Rachel Pinnow

English language learners (ELLs) are the fastest-growing student population in U.S. K–12 schools1. In Missouri public schools, the number of ELLs has doubled from 19,053 in 2008–2009 to 38,952 in 2017–20182. Although the number of ELLs is growing exponentially, they have been underserved due to the longstanding shortage of teachers who are certified to work with them.

The University of Missouri College of Education’s online TESOL (Teaching English to speakers of other languages) programs and faculty serve teachers in the state and beyond, aiming to increase the number of critically important ELL educators.

UPCEA, a leading national organization for online education, recognized one of the TESOL programs for their exceptional contributions to the field. The organization selected the Missouri K–12 ESOL certification preparation program as this year’s Outstanding Noncredit Program Award winner. Rachel Pinnow accepted the award on behalf of the department at the 2019 Annual Conference on March 28 in Seattle, Washington.

A global community

Pinnow is an associate professor in the Department of Learning, Teaching and Curriculum, and an online instructor of courses in the three online TESOL programs available at Mizzou. She and other faculty members have worked to design compelling and rigorous course work that prepares students for real jobs, using the latest technologies in online and distance learning — but without making students feel at a distance.

“Language is really central to our experience as a human being,” said Pinnow, who started studying the subject in graduate school. “I became fascinated with how people learn multiple languages beyond their first language or their native language.”

“One of our goals in the TESOL program is that we always want our students to know and feel that there’s a human being on the other side of the screen,” she said. “The program has been unfolding and developing over time. We’ve been able to shape it into something really unique that serves our students, the state of Missouri and the broader world. We are really a part of a global community.”

An engaging environment

The award-winning ESOL certification preparation program is focused on preparing students for Missouri Department of Elementary and Secondary Education (DESE) ESOL certification. However, the certification “also can be expanded to other states,” said Pinnow. She encourages students outside of Missouri to check with their state first.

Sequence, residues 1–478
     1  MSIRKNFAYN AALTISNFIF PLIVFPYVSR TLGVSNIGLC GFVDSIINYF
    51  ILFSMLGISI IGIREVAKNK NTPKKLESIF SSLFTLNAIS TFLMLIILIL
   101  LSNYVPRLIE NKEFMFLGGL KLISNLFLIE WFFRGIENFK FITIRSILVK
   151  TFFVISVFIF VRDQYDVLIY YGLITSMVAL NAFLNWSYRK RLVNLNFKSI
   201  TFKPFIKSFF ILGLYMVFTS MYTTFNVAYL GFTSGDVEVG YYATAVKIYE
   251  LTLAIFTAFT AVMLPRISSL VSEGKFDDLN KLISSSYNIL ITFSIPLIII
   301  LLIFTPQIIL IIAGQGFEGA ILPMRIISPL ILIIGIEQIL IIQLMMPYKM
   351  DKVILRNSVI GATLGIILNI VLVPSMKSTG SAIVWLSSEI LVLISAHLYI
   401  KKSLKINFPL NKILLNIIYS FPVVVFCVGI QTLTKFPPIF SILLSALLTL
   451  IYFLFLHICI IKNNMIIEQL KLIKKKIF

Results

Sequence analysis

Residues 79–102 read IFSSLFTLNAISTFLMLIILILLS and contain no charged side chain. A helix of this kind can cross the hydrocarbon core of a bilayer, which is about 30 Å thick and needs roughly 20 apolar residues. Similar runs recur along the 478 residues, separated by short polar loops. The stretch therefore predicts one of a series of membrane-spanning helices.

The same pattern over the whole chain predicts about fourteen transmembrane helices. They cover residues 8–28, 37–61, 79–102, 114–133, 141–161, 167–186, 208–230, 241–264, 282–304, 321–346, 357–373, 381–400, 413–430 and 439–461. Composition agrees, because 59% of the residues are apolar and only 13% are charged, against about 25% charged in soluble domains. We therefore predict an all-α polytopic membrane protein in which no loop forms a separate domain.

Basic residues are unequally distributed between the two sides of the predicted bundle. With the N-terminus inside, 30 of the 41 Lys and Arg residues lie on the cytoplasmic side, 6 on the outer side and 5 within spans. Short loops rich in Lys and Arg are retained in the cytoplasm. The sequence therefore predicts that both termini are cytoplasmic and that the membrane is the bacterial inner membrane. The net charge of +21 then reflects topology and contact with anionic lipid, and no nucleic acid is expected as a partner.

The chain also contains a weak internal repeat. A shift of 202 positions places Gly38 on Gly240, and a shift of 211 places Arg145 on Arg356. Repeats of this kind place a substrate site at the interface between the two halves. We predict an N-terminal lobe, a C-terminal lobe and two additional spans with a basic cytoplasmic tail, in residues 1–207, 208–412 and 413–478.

The TESOL graduate certificate and master’s degree programs are open to educators all over the world — and to Pinnow, this is a benefit to learning online. “We want to create an environment where you’re going to interact with people who have different teaching contexts than you, different age students, different teaching backgrounds and language backgrounds, so that you can develop a deeper understanding of the topics because of the input of your peers. This facilitates really strong professional relationships that create a network to help you develop professionally and personally.”

“We take meeting the needs of students very seriously,” Pinnow continues. “We want to create a great opportunity and experience for our students. Our strengths lie in the quality of the faculty, the flexible platform and the ability to interact with people from all over the world — which can open up opportunities that you might not have considered before now.”

About UPCEA: The University Professional and Continuing Education Association (UPCEA) is the leading association for professional, continuing and online education. For more than 100 years, UPCEA has served most of the leading public and private colleges and universities in North America. Founded in 1915, the association serves its members with innovative conferences and specialty seminars, research and benchmarking information, professional networking opportunities and timely publications. Based in Washington, D.C., UPCEA also builds greater awareness of the vital link between contemporary learners and public policy issues.

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